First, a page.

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Concerned alumni call for refusal of Brownells/Redmond donation

This year has seen students, faculty, staff, community members and alumni banding together to call for the rejection of further donations from Pete Brownell to Grinnell College. Brownell is a Grinnell resident, the president of the National Rifle Association (NRA) and the CEO of Brownells, Inc, located just outside Grinnell.  

Following marches, protests, forums and panels, letters written and petitions signed, there has been no response from Brownell regarding his relationship with the NRA or the College. The College has issued no public statement regarding the issue. 

Most recently, a group of alumni have written a petition asking the College to reject further gifts from Brownell, arguing that he represents “the National Rifle Association’s deleterious impacts on the quality of American life.”  

As of April 14, 345 Alumni, 76 current students and 53 others had signed the petition, just 26 signatures shy of their 500-signature goal.  

Alumni began their efforts in the summer of 2017, writing to President Kington and asking the College to consider revising its gift acceptance policy to prohibit donations from Brownell and others whose values do not align with the College’s. 

After researching the gift acceptance policies of other colleges, Grinnell released an updated policy in February, but according to Chuck Connerly ’68, a member of the Concerned Alumni, this revision did not resolve the issue. 

“We really wanted a specific action that the college was going to not continue to receive or accept funds from Brownell. It didn’t really say whether they would or wouldn’t. It basically said they could.” Connerly said. This dissatisfaction prompted the Concerned Alumni to start their petition. 

Connerly acknowledges that not all alumni are supportive of the movement. Some have declined to sign the petition, hesitating to create a “line” on which to morally judge those who wish to contribute money to Grinnell and questioning whether accepting money from Pete Brownell can be equated to accepting money from the NRA. 

To Connerly, “If there is a line, the NRA is on the other side of it.” 

And Connerly believes that Brownell is undeniably connected with the NRA. 

“As president of the NRA he is very much a part of it, and he’s a leader in it. And so I don’t think you can really distinguish between him writing a personal check and receiving a check from the NRA.” 

The College, on the other hand, argues that Brownell’s donations do valuable work by funding the Ignite Program, which brings local students to campus for classes led by students at the College. In an email to James S. (Trip) Kennedy  ’68, published by The S&B on March 1, 2018, President Kington acknowledged his own opposition to the NRA as an organization, but wrote that  “… divergent political and social views in a town like Grinnell, while challenging, is fundamentally beneficial to our educational mission, as long as we can engage in civil conversations and refrain from dehumanizing those who do not agree with our own views … The Ignite Program, which [Brownell and Redmond’s] gift initiated four years ago, is one of the ways they have helped to make the Grinnell community a better place to live and raise a family.”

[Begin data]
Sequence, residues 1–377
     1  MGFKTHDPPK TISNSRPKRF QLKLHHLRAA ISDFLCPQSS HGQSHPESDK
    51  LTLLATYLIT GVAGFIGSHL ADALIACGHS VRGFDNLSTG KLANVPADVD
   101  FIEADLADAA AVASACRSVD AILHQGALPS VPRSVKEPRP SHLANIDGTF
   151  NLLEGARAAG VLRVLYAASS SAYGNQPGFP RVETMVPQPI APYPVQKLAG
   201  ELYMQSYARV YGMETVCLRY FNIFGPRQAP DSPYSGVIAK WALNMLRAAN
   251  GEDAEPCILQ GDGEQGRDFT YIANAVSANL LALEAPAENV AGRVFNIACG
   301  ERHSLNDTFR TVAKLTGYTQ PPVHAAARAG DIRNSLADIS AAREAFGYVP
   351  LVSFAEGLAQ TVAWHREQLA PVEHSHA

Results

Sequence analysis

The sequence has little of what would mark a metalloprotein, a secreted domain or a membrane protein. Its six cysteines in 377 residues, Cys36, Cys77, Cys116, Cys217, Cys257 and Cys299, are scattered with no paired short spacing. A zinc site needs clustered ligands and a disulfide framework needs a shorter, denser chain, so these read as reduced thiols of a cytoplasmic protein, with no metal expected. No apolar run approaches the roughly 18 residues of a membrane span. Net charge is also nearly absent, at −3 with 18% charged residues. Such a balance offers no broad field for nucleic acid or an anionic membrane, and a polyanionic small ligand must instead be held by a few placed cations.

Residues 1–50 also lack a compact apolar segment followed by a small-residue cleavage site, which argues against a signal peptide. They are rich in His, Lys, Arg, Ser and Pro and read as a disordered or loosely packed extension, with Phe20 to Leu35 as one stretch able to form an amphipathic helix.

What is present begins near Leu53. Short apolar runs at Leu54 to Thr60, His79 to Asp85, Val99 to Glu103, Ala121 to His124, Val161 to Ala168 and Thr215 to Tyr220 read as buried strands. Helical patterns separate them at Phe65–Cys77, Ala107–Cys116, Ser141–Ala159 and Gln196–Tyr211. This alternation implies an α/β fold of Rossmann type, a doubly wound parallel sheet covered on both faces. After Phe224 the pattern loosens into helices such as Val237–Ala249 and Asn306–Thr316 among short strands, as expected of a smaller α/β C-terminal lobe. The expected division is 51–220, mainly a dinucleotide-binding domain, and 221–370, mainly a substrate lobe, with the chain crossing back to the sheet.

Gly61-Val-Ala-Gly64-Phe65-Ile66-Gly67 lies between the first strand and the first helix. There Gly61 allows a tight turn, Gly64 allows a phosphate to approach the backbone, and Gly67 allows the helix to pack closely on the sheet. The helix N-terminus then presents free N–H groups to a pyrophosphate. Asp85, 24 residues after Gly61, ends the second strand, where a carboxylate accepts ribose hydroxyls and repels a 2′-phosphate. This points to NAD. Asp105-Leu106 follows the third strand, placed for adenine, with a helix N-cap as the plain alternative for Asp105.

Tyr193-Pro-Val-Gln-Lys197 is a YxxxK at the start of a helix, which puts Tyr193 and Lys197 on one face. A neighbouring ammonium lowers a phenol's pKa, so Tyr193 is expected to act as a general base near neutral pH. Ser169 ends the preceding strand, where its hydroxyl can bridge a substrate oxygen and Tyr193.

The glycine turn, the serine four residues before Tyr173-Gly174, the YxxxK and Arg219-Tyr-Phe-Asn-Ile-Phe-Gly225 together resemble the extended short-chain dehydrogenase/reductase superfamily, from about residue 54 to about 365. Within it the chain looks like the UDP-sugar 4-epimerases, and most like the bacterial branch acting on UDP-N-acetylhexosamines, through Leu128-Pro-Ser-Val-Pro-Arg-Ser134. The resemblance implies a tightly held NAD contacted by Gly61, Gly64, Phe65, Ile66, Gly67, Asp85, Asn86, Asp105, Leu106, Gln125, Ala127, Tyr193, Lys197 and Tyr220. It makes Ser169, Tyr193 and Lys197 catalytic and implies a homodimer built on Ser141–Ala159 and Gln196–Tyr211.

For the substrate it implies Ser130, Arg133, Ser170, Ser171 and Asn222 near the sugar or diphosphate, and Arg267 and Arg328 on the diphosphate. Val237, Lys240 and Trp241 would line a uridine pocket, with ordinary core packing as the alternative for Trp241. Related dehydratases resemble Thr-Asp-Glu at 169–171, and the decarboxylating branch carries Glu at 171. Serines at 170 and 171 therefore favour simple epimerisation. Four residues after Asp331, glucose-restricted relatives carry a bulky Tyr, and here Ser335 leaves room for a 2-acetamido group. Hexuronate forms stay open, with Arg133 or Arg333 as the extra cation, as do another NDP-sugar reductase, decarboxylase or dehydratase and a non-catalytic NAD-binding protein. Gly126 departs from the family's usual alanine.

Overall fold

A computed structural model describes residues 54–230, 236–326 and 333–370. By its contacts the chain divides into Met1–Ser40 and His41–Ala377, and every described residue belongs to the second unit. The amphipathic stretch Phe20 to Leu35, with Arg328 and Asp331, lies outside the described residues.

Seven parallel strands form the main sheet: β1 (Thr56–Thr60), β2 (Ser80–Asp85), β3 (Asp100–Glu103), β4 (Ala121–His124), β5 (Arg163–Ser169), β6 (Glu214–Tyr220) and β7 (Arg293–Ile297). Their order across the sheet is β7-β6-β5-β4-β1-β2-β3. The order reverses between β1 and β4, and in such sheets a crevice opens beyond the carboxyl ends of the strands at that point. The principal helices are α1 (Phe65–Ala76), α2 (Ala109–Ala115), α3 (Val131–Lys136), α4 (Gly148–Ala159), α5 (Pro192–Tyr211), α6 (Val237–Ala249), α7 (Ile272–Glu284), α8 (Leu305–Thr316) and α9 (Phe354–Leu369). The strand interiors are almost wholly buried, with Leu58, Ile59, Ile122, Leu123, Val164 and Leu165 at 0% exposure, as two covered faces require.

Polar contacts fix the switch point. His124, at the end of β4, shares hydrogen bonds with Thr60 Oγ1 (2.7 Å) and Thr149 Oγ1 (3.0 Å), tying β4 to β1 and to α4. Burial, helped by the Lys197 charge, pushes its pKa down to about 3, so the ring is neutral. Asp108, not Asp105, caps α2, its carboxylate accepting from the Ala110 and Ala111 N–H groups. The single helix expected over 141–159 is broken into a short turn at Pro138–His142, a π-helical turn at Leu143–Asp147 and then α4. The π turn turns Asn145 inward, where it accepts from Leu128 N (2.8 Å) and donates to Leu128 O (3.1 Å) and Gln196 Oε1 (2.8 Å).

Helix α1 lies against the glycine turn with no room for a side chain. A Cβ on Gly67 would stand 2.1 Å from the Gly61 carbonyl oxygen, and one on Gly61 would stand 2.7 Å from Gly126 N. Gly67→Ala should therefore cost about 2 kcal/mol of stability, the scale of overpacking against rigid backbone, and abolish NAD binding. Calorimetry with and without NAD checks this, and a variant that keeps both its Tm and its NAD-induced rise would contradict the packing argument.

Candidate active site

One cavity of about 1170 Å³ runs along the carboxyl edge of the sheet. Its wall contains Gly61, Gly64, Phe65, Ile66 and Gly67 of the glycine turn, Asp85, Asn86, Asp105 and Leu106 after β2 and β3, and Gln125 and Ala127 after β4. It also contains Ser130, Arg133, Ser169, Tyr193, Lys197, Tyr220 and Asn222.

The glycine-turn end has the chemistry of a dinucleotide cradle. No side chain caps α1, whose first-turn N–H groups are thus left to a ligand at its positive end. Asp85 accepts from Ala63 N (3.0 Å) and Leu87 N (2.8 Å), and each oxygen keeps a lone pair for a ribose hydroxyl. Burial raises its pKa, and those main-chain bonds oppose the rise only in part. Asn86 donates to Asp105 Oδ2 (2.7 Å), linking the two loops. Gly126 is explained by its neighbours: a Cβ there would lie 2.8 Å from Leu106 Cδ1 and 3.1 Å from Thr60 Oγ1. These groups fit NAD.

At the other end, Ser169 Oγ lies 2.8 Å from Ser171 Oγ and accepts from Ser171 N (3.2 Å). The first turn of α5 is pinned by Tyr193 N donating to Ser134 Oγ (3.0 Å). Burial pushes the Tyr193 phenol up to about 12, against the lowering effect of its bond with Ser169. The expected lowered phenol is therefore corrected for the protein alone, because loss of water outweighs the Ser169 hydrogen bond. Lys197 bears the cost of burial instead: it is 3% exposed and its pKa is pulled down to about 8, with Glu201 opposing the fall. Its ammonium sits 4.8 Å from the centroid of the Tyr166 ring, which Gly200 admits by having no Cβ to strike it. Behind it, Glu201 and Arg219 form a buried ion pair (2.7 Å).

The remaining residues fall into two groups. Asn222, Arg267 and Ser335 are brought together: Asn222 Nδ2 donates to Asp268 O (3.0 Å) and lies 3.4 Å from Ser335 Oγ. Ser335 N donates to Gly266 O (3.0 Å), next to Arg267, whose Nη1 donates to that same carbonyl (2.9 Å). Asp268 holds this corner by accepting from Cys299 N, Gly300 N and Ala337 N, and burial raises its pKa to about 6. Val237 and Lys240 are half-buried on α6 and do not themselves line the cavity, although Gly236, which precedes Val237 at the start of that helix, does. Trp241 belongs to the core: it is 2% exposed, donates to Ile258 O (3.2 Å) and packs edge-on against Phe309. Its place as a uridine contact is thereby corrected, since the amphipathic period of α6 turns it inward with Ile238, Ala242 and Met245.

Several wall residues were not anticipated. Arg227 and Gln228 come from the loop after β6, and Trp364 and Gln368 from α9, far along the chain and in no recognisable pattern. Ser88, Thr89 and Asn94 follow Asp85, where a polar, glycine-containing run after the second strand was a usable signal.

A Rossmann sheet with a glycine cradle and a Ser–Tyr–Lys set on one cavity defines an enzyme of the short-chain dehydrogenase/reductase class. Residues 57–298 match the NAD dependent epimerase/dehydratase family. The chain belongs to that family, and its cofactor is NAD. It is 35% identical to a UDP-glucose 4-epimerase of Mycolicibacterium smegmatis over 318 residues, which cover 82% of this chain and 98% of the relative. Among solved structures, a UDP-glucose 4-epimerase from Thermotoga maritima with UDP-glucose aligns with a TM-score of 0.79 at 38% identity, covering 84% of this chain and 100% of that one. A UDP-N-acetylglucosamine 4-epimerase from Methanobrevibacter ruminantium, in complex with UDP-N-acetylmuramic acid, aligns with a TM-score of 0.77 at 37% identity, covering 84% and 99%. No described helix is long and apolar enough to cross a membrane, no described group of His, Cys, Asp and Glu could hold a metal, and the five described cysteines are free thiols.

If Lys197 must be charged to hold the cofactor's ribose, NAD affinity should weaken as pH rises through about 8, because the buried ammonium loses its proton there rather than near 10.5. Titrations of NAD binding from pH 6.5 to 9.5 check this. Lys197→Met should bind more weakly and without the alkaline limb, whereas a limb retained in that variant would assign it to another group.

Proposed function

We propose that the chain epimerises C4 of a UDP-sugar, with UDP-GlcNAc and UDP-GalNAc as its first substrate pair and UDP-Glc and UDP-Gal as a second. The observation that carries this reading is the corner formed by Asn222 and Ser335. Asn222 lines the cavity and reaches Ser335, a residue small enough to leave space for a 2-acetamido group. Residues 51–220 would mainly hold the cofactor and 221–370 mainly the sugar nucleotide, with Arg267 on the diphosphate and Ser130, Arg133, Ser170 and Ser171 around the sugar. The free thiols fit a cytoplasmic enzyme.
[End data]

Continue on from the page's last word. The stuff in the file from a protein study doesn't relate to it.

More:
In an email to The S&B this week, Sarah Smith, the director of the Ignite Program, affirmed the importance of the program, writing that it is “intended to share the joy of learning, welcome our youngest neighbors to campus, build bridges and promote socio-economic access in our small rural community.” 

Connerly says the Concerned Alumni do not dispute the program’s value, and points to a section in the petition calling for the continuance of the “very worthy” Ignite Program with funding provided by alumni, students, faculty, staff and friends of the College — but not Pete Brownell. 

The alumni asked to present their petition to the Board of Trustees next week, but the Board declined their request, citing a busy agenda and referring them to the Gift Acceptance Committee, a committee that has met just once since its creation in 2015. 

Still, Connerly says the Concerned Alumni expect the College to respond by the end of the school year, and before the Class of ’68 50-year reunion, where Connerly believes that if the alumni of 1968 (22 of which have both signed the petition and will be at the reunion) are unsatisfied with the College’s response, the issue will be brought up. 

“This sounds really overused, but Grinnell is not like any other college — not like a lot of other colleges. I mean, there is this [progressive tradition] … that has taken place at Grinnell and we hate to see that tradition sullied, basically in the interest of funding. We’re really challenging which is more important.” 

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  • S

    Sharyn ObsatzMay 10, 2018 at 7:33 pm

    Thank you for your continued coverage of this issue. It matters to a lot of alumni, myself included. I teach at Santa Monica College, where a gunman armed with an assault rifle killed 3 people and entered the campus library, hoping to kill many more, before he was killed by campus police. I will never understand how Brownell could claim to care about school children in Grinnell but not care about school children elsewhere getting shot and killed in their schools and colleges.

  • D

    Disgusted StudentMay 10, 2018 at 1:11 pm

    This is clearly tyranny of the minority. I understand that retired alumni need a pet cause, but enough is enough. Students are more concerned with whether they will get enough aid to pay their tuition next year, or whether they will be able to find employment when they graduate. It’s a shame that alumni are fighting to take resources away from existing students.